‘Throwing spaghetti against the wall’: Why marketers are expanding experimental budget testing
Over the last year of pandemic-induced disruptions and accelerations, more marketers have increased the percentage of their digital ad dollars to experiment with emerging platforms and technologies like TikTok and SMS.
The coronavirus crisis has upended the way people shop as the industry knows it. Consumers are spending significantly more time online to shop, stream and connect with others, forcing marketers to be flexible and diversify their media spend in a move to meet customers where they are.
There’s also the looming depreciation of third-party cookies, stifling programmatic efforts, and social media’s pay to play environment isn’t conducive to the tightened media budgets that lay in the pandemic’s wake, according to marketers.
“What used to be a more linear customer journey is now all over the place,” said Jill John, chief customer officer at direct-to-consumer furniture company Interior Define. “So we want to make sure we’re messaging in a relevant way across multiple stages in the funnel across multiple target audiences.”
In addition to doubling their total digital marketing budget this year, Interior Define has grown its experimental budget from 5% to 15%, according to a company spokesperson. The majority of the DTC brand’s ad dollars go toward performance marketing tactics. But in a recent effort to diversify media spend and reach more consumers, John said the team has launched SMS marketing efforts, podcasts, direct mail, CTV and influencer-focused marketing.
“A lot of this testing budget and reason for diversifying is just reading where our customers are going,” John said. “We have found through COVID that there’s all these different platforms where our customers are now joining.”
Several other brands have also upped their experimental budgets and moved to diversify their media spend over the last year. Media buyers say flexible media channels like CTV are gaining traction, while cable television ads are less attractive in today’s volatile business and fragmented viewer environment.
For example, footwear brand Reef dedicated 5% of its digital media budget toward experimental channels such as text-based marketing and CTV last year. Meanwhile, DTC men’s soap brand Dr. Squatch dedicated 10% of its digital ad budget to Snapchat after finding success in experimenting with the platform.
It’s a similar story on the agency side, per Chelsea Cannon, associate media director at full-service digital marketing agency Chemistry.
Cannon said Chemistry has all but made it mandatory for 5% to 15% of client campaign budget to go toward experimental channels in light of the pandemic “because you just never knew.” It’s a budget that was non-existent before the onset of the coronavirus crisis, she said.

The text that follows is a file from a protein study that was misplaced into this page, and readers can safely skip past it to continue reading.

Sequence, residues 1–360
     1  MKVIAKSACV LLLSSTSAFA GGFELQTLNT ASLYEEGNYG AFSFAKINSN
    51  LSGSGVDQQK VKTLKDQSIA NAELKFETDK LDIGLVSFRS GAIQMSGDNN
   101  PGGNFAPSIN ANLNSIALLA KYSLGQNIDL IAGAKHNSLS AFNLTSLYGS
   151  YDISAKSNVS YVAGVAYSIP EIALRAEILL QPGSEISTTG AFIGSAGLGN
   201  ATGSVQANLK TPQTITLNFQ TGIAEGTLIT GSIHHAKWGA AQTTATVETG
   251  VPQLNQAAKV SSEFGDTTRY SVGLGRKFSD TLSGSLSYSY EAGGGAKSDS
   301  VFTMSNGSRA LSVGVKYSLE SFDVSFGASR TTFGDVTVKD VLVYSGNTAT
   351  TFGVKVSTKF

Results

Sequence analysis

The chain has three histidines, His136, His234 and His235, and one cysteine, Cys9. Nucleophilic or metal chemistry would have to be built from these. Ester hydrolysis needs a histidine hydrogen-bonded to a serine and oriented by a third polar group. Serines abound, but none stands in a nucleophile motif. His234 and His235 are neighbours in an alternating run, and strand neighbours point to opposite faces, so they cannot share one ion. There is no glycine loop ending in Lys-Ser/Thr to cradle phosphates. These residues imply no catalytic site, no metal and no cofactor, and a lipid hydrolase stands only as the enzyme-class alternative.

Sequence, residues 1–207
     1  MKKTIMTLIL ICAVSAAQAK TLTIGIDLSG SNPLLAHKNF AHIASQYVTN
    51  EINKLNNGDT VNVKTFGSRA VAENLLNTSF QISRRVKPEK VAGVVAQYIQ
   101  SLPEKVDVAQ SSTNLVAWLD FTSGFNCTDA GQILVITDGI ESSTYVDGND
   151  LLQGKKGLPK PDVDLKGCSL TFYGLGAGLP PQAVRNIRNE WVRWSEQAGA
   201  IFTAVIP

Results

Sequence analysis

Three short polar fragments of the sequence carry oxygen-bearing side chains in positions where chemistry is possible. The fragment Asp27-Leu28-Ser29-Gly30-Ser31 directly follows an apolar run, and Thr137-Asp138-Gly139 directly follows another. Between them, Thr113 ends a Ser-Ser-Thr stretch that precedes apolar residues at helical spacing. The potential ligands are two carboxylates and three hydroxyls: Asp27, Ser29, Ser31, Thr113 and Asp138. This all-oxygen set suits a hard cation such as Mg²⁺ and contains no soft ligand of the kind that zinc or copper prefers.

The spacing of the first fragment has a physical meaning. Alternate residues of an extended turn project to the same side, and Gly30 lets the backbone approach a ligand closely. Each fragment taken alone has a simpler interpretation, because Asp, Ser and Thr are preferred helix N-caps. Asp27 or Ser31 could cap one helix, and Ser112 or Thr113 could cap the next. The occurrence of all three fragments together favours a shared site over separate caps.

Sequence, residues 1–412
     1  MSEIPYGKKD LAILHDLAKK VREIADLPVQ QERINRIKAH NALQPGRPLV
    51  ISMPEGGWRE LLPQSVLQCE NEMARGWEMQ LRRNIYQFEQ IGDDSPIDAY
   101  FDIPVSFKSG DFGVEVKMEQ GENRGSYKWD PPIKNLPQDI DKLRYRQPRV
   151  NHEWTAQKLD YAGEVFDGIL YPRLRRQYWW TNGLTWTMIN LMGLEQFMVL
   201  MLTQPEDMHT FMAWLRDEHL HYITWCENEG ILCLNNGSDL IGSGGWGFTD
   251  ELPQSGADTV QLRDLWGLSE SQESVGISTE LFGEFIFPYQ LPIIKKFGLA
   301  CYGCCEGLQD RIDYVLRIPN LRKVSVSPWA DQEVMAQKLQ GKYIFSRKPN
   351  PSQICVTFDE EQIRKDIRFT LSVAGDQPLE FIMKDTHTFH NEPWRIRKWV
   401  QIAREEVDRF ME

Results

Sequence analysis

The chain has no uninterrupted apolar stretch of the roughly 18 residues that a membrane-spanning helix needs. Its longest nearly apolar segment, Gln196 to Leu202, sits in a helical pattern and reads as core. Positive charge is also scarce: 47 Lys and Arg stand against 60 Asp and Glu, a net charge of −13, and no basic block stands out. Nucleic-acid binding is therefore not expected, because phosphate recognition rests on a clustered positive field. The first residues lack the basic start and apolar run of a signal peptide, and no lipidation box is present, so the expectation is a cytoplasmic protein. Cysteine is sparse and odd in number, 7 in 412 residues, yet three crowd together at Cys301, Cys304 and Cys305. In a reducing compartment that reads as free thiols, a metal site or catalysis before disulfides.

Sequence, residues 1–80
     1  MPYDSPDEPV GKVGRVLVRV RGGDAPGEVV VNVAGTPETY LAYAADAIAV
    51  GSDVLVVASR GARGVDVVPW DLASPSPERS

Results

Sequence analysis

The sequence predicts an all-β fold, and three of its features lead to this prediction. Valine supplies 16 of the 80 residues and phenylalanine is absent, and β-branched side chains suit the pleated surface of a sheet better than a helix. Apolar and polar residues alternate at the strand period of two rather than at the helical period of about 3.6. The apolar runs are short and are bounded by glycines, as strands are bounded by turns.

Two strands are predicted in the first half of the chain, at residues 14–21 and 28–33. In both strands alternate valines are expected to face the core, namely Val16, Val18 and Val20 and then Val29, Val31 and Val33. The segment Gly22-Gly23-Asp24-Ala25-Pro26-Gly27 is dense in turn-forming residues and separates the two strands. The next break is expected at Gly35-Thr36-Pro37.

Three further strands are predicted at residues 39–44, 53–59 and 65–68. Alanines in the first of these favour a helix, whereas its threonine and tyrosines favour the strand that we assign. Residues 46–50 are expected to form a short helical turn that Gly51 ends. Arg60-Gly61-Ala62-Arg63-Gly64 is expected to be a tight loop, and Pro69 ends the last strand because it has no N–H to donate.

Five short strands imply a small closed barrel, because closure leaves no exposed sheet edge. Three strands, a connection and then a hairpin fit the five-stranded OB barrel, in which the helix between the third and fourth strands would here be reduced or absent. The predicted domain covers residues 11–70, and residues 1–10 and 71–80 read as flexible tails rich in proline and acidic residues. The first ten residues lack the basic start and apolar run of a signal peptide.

“We almost started redoing budgets on a monthly and weekly basis because everything was going to hell in a hand basket,” she said.
Prior to the pandemic, the majority of Chemistry’s marketing tactics were in line with paid social media and search, Cannon said. But with the pandemic tightening budgets, social media’s pay to play environment made the agency look toward alternative channels such as direct mail and sms marketing.
“We got used to pivoting quickly and thinking outside of the box,” Cannon said. “Nothing else could surprise us at this point.”
“The biggest trend is that there is no trend right now,” said Gordon Zellner, CEO of Evergreen Trading agency. “The notion of set it and forget it, it sounds good, but the business climate is not conducive to [that] right now.
As a media trading firm that buys clients out of media assets that aren’t showing a return on investment, Evergreen has seen a good year, per Zellner. During the pandemic, the firm had a number of cases in which clients needed to cancel media quickly, but couldn’t because of contracts and financial commitments. Evergreen fulfills those commitments on behalf of with the promise that the client buying media from Evergreen in the future, offering the industry flexibility in media buying.
Even as vaccine rollout continues and consumers return to the outside world and normalizing behavior, Zellner thinks experimental budgets are here to stay. In fact, he says they should be integrated into core marketing strategies because “you’re throwing spaghetti against the wall to see what sticks, but it’s a moving wall.”
“I think it has to be a constant testing process where you’re kind of dialing in and adjusting,” he added. “Breaking things into smaller pieces and constantly adjusting and revising I think is the way to go.”
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